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Big "I" Says Legal and Effective Incentive Compensation Still Under Fire



BIG “I” SAYS LEGAL AND EFFECTIVE INCENTIVE COMPENSATION STILL UNDER FIRE

 

ALEXANDRIA, Va., May 15, 2006—Following the recent settlements entered into by two national insurers, the Independent Insurance Agents & Brokers of America (the Big “I”) warns that the attack on a legal and effective compensation system is ongoing.

 

“There is a critical need to preserve the right of insurance companies to determine how best to compensate the insurance agents and brokers who sell their products,” says Big “I” CEO Robert A. Rusbuldt.  “In this regard, the insurance industry is like virtually every other business distributing products through a sales force.  Most companies want the flexibility to reward strong sales performance as they see fit, including through financial rewards such as incentive compensation.  It is widely used because it is both legal and effective, and should remain a choice available to insurance carriers.  This right is fundamental to the efficient operation of insurance companies in a healthy, competitive, free-market economy.”

 

Insurance companies recognize that agents and brokers must invest substantial time to identify consumers’ wants and needs; understand the complex terms of policies available; assess the products to present; offer choices about coverage, price, service, and financial strength of carriers; and remain available to assist insureds with questions and policy changes, as needed.  And, insurance companies also recognize that this investment by agents and brokers provides important value well beyond the initial sale by meaningfully enhancing the relationship between the insurance company and the insured.  The value of that investment is one of the many reasons why companies in the United States and around the world use a variety of compensation structures, including commission and incentive compensation, to reward sales professionals.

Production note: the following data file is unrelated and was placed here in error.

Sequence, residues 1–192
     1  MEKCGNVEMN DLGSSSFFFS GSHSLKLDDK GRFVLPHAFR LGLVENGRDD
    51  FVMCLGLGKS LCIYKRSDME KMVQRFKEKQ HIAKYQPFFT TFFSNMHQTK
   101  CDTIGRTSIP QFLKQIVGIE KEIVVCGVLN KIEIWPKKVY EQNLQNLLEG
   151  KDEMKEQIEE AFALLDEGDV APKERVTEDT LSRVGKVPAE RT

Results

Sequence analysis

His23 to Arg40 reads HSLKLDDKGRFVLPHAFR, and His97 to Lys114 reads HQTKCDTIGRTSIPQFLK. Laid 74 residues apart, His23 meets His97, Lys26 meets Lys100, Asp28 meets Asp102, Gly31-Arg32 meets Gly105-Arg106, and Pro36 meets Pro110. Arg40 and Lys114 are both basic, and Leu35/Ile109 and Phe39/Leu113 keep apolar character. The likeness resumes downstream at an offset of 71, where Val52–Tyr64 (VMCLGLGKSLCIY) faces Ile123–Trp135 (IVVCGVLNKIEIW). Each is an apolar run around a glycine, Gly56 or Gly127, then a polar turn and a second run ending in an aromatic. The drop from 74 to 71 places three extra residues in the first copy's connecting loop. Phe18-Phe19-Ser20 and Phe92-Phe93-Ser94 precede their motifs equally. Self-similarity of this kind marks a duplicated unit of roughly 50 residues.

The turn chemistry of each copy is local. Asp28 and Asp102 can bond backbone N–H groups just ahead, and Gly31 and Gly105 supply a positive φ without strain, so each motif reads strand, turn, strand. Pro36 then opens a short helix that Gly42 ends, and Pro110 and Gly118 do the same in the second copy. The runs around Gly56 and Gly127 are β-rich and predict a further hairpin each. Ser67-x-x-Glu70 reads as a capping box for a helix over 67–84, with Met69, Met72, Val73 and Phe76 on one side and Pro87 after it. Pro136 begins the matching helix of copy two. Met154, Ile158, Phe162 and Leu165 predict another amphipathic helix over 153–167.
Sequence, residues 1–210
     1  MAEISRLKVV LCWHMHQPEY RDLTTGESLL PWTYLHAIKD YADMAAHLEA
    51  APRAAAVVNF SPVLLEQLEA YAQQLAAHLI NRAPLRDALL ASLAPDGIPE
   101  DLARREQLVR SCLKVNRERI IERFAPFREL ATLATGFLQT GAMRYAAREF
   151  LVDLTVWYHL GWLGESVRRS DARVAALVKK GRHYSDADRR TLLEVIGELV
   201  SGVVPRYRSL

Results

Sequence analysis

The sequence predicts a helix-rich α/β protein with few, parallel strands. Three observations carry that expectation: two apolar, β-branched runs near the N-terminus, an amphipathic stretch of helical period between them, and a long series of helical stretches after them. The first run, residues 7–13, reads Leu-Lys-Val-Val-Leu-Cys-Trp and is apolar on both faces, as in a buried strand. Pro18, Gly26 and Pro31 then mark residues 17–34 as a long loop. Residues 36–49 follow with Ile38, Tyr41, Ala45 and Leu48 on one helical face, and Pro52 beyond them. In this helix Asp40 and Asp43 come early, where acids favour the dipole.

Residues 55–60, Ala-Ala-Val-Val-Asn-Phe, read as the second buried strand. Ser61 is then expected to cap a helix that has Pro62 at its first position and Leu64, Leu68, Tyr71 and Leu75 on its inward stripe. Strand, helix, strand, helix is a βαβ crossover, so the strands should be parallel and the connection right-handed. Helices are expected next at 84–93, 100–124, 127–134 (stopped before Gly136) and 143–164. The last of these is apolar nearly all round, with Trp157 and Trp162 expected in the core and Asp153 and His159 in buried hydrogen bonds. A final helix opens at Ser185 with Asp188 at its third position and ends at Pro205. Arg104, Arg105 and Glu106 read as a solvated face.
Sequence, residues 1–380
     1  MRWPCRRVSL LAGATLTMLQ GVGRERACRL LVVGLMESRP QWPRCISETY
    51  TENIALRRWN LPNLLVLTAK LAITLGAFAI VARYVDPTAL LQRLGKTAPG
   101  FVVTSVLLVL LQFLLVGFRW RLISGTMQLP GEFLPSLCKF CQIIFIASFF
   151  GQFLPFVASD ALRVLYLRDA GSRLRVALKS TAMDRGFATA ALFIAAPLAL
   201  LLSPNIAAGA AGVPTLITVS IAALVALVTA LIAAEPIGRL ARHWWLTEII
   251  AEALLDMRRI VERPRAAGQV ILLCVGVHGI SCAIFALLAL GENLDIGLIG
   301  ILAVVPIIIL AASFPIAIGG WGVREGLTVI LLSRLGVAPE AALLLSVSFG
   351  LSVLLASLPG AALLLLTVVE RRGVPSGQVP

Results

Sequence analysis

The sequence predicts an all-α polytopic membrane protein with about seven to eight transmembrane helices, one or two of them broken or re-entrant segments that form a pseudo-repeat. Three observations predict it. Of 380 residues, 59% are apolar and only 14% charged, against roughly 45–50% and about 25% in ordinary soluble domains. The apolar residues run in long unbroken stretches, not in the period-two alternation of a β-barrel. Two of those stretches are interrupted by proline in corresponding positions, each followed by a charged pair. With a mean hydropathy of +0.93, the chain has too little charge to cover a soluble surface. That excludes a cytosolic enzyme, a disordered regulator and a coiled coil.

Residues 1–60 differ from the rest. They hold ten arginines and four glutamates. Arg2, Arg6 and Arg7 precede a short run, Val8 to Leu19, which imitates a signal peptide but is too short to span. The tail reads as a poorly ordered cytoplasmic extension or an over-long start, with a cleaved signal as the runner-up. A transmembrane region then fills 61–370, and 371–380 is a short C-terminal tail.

"The problem uncovered in the insurance industry by legal and regulatory investigations is not the form of compensation,” Rusbuldt says.   “The problem occurs when there is illegal activity, such as bid-rigging and false quoting, to obtain that compensation.  We support the prosecution of such illegal activities.  But we oppose restrictions on companies that bar them from making legal payments to their sales force.”

 

When a customer walks into an electronics store to buy a new television, the consumer wants to know the price of different models, the features they have, the reputation and reliability of the manufacturers, the service record of different brands, the warranty offered by each, and more.  While the electronics store may be compensated differently by various manufacturers, including through incentives based on sales volume, the consumer is not interested in or concerned about the incentive compensation paid to the store based on how many television sets it sells or even how much commission the sales person that makes the sale is getting.  The consumer knows that the television’s price is not influenced by the compensation arrangement between the store and the manufacturer.  This principle also holds true in the insurance industry. The factors that motivate a consumer to purchase insurance are the coverage, features and price of the policy, service record of the carrier, financial strength of the insurer, company reputation for paying claims, and the like.  Consumers do not decide what insurance to buy based on how the sales force is compensated any more than they choose coverage based on the compensation and perks paid to insurance company executives, TV advertising and marketing costs incurred by direct writing companies, or any other expenses companies have in selling their products.